It takes a lot of research to decide whether a new treatment is ready to test in humans. A few years ago, we reported that a ‘brain fat’ called GM1 is reduced in HD, and replacement therapy showed potential in mice. Despite rumors you may have heard, it’s not ready to try in the clinic. But if preclinical research continues positively, there may be a surprising potential source of GM1: the brains of sheep.
GM1 and getting drugs to the clinic
In the push to find new treatments for any disorder, many research paths converge upon the most promising candidates. For a drug to make it to clinical trials, researchers must repeatedly demonstrate that it works in the lab when tested in different ways. Our understanding of how and why a treatment works is essential to its success, so there are high expectations for what we need to know before we start testing in humans.
A few years ago, we reported on a fatty molecule called GM1 that was linked with HD. It’s important for nerve cell function, and it seemed to be lacking in HD brains. When scientists replaced it in HD mice, they were surprised to see significant recovery.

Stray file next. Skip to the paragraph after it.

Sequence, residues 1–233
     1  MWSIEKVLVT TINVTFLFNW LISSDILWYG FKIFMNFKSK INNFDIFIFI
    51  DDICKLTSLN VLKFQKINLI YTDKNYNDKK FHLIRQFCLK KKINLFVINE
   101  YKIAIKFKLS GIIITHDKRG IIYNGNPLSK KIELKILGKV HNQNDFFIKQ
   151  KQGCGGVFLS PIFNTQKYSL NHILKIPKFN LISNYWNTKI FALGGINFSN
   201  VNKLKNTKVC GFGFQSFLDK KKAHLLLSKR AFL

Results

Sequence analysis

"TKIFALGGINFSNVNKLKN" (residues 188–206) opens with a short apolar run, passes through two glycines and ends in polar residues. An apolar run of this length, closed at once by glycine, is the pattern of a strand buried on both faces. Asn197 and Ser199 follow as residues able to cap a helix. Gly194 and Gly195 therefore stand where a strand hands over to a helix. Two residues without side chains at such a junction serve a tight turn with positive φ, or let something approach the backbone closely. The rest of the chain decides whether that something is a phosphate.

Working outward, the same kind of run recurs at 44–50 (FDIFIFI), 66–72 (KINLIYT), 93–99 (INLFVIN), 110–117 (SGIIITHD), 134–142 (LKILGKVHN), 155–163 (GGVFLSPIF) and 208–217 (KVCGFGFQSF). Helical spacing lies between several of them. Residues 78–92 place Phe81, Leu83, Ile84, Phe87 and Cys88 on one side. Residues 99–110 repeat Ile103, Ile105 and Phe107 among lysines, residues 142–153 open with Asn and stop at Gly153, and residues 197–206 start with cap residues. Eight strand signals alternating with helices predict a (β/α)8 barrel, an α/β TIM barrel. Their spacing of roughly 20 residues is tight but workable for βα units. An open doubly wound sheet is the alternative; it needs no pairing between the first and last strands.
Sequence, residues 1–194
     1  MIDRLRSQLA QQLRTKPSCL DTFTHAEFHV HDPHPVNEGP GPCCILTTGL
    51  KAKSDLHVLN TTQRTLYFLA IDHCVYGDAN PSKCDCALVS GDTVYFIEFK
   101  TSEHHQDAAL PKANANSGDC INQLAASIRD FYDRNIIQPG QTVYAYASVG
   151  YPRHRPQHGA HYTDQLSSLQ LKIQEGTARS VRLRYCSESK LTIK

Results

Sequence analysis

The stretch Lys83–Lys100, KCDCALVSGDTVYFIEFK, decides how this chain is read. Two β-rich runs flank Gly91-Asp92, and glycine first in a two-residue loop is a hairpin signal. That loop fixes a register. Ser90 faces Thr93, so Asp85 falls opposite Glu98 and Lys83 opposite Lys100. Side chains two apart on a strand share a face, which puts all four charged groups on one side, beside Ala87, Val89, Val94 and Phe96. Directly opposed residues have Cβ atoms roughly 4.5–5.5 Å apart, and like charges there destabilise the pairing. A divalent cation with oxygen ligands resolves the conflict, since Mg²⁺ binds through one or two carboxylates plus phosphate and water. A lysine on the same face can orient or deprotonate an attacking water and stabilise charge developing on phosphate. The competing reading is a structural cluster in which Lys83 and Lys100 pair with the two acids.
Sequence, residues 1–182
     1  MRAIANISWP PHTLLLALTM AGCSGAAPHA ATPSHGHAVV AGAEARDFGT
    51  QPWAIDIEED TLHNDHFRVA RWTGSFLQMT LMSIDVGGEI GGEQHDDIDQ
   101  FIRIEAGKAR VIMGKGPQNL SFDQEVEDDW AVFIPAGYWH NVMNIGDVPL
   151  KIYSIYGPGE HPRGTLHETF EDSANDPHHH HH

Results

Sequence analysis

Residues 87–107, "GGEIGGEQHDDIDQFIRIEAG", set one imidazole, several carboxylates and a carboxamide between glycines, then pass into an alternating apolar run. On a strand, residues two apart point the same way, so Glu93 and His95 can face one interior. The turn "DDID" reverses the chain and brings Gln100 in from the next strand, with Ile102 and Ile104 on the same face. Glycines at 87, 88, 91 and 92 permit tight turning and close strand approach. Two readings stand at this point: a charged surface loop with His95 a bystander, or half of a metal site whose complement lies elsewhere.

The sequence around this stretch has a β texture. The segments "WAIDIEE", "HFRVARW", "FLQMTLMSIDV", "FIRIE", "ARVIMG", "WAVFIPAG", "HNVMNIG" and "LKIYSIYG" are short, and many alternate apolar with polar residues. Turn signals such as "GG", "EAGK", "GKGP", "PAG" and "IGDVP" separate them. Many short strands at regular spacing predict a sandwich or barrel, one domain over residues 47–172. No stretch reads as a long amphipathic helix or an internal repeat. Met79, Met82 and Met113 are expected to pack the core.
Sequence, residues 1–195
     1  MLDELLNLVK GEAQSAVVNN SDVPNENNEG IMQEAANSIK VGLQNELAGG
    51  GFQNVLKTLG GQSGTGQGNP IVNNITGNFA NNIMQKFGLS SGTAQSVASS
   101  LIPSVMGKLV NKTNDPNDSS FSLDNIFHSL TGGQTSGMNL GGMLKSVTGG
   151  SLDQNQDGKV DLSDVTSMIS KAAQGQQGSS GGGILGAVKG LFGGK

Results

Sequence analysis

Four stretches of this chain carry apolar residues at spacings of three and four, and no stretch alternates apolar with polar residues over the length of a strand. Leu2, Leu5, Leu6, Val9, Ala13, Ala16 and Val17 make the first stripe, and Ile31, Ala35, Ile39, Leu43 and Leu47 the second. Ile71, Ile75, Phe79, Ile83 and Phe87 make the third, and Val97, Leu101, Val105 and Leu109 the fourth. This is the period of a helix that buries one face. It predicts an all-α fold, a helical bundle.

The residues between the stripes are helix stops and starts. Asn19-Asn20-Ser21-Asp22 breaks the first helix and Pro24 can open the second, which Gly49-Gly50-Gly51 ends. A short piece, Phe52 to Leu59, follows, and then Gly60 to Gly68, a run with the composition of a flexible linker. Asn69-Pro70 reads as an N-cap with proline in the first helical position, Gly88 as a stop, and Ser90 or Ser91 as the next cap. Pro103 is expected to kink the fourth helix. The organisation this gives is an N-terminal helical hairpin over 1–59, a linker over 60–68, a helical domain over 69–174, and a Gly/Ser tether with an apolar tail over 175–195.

One media source recently suggested that a clinical trial of GM1 for Huntington’s disease is on the near horizon, using GM1 from an unlikely source – the brains of sheep. GM1 may eventually be a candidate for testing in humans, but the story is more nuanced than the press reports have suggested, and we’d like to clarify that account.
First, let’s recap what we know about ganglioside GM1 in the context of disease.
A ganglioside is a type of fat, but not the kind that weighs us down. Fats include many different kinds of oily, water-resistant molecules with critical biological functions. Gangliosides are fats that help to maintain a healthy nervous system. They can act as insulators for the brain’s wiring, so that messages between neurons can travel long distances more efficiently. They can float within a cell’s outer layer like a satellite, helping with communication from outside to inside. They are important during development and growth as well as in brain aging and repair.